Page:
WHERE DO I HANG MY HAT
There comes a terrifying point in the life of every company, when the necessity arises to craft a defintive brand statement. This involves visiting a kingdom of much mystery and misinformation, filled with mistaken ideas, outdated wisdom, presumption, principles vaguely understood. Most companies simply believe they’ve got to have a brand because everybody else has one, though what they stand for -or are prepared to succinctly promise- they cannot precisely say. Too often companies are forced to reconsider the brand promise only following bad news, such as after a hostile takeover, acquisition/merger, negative publicity or a disastrous quarterly report. The most advantageous moments to consider the essential brand promise are in actuality at
start-up, launch, rebranding or repositioning.
Brands typically fall into one of four general categories, under which most companies can effectively define themselves. These categories were suggested in a pivotal white paper authored last year by Sicco van Gelder, a highly-respected global brand theorist working in The Netherlands.
Domain brands are the most common and numerous. Examples of this type of brand are IBM, Microsoft, Intel, Nokia, Nike. The brand is built by demonstrating a specialized knowledge of product, and a mastery of media. Domain specialists have a deep and dimensional understanding of their clients’ needs, and they endeavor to set standards for their industry. They craft new thinking, and must apply invention to the way they use their resources. These are by far the most expensive and difficult brands to build, though. Only the biggest players win, and there is little latitude for flexibility in the branding. A strong, centralized approach to brand image is necessary, with no freedom at the local level to alter the messaging.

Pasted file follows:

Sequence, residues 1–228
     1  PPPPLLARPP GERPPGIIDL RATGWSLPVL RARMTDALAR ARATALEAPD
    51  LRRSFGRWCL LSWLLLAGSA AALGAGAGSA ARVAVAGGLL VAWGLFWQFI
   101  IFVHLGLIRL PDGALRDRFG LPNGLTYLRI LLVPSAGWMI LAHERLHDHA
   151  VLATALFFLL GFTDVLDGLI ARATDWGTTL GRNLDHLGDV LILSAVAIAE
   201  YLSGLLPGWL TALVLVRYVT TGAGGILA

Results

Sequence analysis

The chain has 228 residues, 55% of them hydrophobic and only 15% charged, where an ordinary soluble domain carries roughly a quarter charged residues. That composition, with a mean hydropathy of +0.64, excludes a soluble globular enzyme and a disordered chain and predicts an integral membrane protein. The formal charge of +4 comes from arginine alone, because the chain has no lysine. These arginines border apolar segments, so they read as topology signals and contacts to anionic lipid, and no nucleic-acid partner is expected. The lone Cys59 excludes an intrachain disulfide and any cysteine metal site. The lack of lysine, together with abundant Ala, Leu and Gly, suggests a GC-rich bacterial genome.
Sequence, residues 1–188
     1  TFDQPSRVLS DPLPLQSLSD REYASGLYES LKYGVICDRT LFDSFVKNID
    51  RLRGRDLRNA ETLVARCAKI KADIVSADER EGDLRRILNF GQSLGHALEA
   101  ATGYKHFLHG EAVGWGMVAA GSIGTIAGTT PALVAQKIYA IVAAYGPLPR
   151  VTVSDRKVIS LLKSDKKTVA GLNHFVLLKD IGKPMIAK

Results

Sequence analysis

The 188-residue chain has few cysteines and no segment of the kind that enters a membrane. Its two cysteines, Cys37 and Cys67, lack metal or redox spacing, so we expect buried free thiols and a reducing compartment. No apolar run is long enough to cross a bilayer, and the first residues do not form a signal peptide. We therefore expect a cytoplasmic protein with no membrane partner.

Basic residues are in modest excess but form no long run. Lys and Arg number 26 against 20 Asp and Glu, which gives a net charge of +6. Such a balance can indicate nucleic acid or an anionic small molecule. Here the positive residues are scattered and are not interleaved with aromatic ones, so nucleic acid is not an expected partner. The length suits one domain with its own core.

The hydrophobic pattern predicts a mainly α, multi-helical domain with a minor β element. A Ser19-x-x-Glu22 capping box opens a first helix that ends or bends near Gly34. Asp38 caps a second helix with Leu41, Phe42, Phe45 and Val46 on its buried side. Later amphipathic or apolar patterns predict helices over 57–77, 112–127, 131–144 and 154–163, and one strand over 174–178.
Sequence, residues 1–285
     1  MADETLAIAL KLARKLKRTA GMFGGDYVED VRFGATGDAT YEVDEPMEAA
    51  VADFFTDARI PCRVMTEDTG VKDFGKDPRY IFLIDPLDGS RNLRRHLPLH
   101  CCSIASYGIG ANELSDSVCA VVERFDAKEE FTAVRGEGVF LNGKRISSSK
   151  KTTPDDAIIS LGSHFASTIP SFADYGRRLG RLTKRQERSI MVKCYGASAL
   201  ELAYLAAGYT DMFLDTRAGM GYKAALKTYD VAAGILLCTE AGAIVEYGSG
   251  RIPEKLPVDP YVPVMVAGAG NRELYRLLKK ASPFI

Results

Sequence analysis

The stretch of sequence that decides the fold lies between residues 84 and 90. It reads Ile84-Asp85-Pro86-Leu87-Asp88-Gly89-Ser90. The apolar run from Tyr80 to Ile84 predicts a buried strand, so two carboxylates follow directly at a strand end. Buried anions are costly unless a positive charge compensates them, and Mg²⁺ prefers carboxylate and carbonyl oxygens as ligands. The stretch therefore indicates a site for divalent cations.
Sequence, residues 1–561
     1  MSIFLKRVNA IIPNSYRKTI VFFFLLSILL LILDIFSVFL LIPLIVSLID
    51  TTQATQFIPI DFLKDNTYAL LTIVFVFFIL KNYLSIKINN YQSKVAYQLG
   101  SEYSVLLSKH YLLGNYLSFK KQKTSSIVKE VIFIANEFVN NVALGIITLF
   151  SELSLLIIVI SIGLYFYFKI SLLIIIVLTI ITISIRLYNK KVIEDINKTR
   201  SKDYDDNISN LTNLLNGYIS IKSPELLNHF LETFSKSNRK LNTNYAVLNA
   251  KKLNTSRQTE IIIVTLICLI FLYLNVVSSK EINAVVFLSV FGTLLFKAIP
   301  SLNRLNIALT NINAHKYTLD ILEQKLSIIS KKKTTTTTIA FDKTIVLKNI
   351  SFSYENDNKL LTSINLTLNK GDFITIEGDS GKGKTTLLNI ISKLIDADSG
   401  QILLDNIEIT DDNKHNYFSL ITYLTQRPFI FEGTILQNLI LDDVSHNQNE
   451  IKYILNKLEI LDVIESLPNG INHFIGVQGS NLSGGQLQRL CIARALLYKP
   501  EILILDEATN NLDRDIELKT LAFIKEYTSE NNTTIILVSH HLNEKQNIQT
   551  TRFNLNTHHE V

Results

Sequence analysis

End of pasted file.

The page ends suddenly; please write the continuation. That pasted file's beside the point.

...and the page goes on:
Reputation brands connect their image to the notion of heritage or myth. This may come in the form of their own history, or in the association with a legacy company, celebrity or a known personality. Some examples: Planet Hollywood, George Foreman, LVMH, Courvoisier, St. Regis Hotels. The category seems especially well-suited to luxury brands, who can capitalize on attachment to history and tradition to support the brand promise. Cultural signals can be a critical part of reputation brands, since some positions may not play well in other geographies. By the same token, leveraging the country of origin can be an effective tool, depending on the nature of the product. We associate higher value with Swiss watches, French perfume, Asian pearls. In the case of George Foreman, the central product offering, an electric grill, can barely be distuinguished from competitor brands; it is the association with his celebrity on which the brand is built. The St. Regis hotel group is an artificial retro brand. That chain was assembled by the Starwood Group over the past decade and branded under the name of a single New York property which had existed on its own for a century.
Affinity brands are built on customer relationships. The central concept is the creation of loyalty based on consistently positive customer interactions. Two companies who successfully built on the affinity model are State Farm, and BankOne. However, this category of brand needs continual reinforcement through traditional advertising, and every other point of contact. Affinity companies then create brand extensions, to offer a multitude of products so that customers experience a variety of choice. Customers need very little incentive to abandon existing brands, and affinity-based companies always pay close attention what their constituency has to say.
Recognition brands have products or services which cannot be easily distinguished from those of their near competitors. Thus their task has more to do with raising their profile in the marketplace than making proof points about products or capabilities. This is the classic “differentiation” scenario, where a company must somehow elevate itself above the pack. It’s a case where deep pockets are required for constant high-profile advertising. Two companies who have pursued the recognition strategy are HP, and Aflac. In the words of van Gelder, “High awareness forms a formidable barrier to competition.”
While the foregoing help to define brand categories, you will discover that other factors come into play as you craft your positioning. Strategic issues, bottom line demands, the competitive landscape, cultural and political issues, the state of the economy also figure. It is important to clearly understand the underlying sense of any brand promise as you calculate the universe into which it will venture.
Outstanding brands may be initially built from within your own walls, by staying on message, supported by the universal adoption of all concerned parties. But the ultimate proving ground will always be found at the most distant touchpoint, which is the customer.